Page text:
Last July, the Alameda City Council heeded the will of Alameda citizens (and the Sierra Club) by zoning federal surplus property near Crown Memorial State Beach as open space. As a result, a private housing developer recently defaulted on its contract to purchase the property from the federal General Services Administration (GSA), and walked away from a plan to build 48 houses on the property.
One might think this is great news for the East Bay Regional Park District—that the way is now cleared for the district to acquire the land for the purpose of expanding the park at Crab Cove, just as the voters intended back in 2008 when they passed Measure WW. But the United States Department of Justice, acting on behalf of the GSA, is continuing its action to take over title of McKay Avenue, the state-owned street leading to the Crab Cove Visitor Center. If the GSA were to take control of McKay Avenue, the GSA could transfer the right to a private developer to dig up the street in order to install the utilities necessary for its project. The state and park district are fighting to kill the eminent domain action so that the GSA—which currently only has utility easement rights for federal government agencies—is compelled to sell the empty lot to the park district.
The Department of Justice says it needs to seize McKay Avenue for the “continuing operations of the Alameda Federal Center,” which is located on the upper part of the street. (The 3.89 acres vacated by the Department of Agriculture—and now zoned open space—are located at the end of the road closest to the beach.) However, the state and the park district argue that the eminent domain action is actually intended to secure a more profitable sale of the vacant property.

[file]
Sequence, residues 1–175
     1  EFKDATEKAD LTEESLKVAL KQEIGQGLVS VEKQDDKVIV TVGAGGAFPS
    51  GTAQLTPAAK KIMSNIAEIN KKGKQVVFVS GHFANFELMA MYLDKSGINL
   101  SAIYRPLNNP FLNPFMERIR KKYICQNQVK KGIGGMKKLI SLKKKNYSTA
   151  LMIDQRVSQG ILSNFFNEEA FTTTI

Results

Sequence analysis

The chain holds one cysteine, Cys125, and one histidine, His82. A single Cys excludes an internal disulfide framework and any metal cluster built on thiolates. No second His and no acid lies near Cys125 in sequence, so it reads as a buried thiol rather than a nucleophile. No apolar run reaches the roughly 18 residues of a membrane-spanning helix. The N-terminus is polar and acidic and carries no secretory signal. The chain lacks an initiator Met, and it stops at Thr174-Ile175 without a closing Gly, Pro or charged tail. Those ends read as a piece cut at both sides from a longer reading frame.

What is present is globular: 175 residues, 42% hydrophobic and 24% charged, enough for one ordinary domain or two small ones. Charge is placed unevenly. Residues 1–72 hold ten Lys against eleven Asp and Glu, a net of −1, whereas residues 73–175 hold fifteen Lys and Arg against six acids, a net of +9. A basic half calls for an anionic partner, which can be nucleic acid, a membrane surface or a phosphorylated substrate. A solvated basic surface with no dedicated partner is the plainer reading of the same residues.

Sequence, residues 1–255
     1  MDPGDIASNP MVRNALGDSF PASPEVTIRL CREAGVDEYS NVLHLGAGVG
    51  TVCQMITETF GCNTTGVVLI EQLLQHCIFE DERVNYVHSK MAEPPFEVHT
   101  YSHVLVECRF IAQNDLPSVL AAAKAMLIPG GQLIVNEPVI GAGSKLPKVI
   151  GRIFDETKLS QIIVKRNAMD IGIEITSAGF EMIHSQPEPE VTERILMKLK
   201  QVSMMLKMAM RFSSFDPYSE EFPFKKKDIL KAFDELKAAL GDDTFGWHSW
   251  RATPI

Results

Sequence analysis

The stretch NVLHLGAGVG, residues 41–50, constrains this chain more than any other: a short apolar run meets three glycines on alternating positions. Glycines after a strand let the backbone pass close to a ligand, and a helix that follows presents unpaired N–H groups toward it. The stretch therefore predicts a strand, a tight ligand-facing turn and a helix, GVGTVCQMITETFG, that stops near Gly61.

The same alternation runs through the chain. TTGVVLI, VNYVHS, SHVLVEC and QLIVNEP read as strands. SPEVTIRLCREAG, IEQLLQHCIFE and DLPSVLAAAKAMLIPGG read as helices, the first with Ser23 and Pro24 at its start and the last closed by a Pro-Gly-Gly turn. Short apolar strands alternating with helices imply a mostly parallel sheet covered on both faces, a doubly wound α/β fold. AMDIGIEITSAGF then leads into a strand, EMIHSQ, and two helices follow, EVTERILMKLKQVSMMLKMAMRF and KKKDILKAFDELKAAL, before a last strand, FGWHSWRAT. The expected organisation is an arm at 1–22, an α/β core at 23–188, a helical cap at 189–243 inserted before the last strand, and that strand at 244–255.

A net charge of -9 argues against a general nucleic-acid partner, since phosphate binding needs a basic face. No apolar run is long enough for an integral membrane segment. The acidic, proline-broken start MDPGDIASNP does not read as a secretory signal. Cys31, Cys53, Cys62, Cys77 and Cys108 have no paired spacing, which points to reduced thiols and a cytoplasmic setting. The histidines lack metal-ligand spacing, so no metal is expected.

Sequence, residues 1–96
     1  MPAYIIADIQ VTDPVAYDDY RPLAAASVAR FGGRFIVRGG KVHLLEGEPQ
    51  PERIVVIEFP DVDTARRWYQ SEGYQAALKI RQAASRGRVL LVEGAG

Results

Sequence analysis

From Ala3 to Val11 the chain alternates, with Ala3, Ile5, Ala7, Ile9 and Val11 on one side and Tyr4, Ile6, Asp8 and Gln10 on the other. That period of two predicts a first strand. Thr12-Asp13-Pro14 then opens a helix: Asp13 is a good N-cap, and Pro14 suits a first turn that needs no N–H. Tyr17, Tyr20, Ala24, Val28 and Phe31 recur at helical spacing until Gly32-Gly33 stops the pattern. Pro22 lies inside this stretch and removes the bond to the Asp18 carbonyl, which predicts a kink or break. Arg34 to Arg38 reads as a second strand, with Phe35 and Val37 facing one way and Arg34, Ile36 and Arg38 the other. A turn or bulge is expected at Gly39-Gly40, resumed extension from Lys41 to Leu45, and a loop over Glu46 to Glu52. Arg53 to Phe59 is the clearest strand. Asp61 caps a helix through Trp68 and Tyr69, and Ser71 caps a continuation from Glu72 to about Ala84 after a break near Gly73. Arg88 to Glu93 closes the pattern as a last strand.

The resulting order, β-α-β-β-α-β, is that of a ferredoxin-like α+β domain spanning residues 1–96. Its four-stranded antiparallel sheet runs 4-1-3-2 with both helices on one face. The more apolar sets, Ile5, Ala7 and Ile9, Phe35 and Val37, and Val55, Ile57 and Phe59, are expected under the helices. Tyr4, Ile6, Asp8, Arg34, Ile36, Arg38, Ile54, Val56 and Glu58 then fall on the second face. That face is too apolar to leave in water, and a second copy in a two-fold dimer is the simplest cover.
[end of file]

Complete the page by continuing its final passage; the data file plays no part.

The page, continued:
On November 10, the court sided with the state and the park district on a motion to strike affirmative defenses. In his ruling, Judge William Alsup determined that the Department of Justice’s claim that it needs to take ownership of McKay Avenue for its “continuing operations” is disingenuous and “belied by the easement it already retains and the circumstances around the now defunct sale to the private developer.” The judge went on to write, “The only real reason the United States seeks to obtain title to McKay Avenue in fee simple is to secure easements for a prospective private development of the vacant federal parcel.”
This ruling was good news, but it is far from the last word on the matter. Judge Alsup ordered the United States to file a summary judgment motion, in which the judge decides the case based on undisputed facts without a trial, on or before February 16, 2015, and also urged the parties at the hearing to pursue immediate settlement negotiations. If the case is neither settled nor resolved by summary judgment, it is scheduled for trial in October 2015.
Write to the Alameda City Council, Senators Barbara Boxer and Dianne Feinstein, and Congresswoman Barbara Lee, and ask them to help end the eminent domain action and make way for the expansion of the park at Crab Cove.
- Alameda Mayor Marie Gilmore: firstname.lastname@example.org
Alameda Vice Mayor Marilyn Ezzy Ashcraft: email@example.com
- Alameda Councilmember Lena Tam: firstname.lastname@example.org
- Alameda Councilmember Stewart Go Chen: email@example.com
Alameda Councilmember Tony Daysog: firstname.lastname@example.org
- Senator Barbara Boxer
- Senator Dianne Feinstein
- Congresswoman Barbara Lee
Read more about Crab Cove in “Promising news for Alameda’s waterfront”.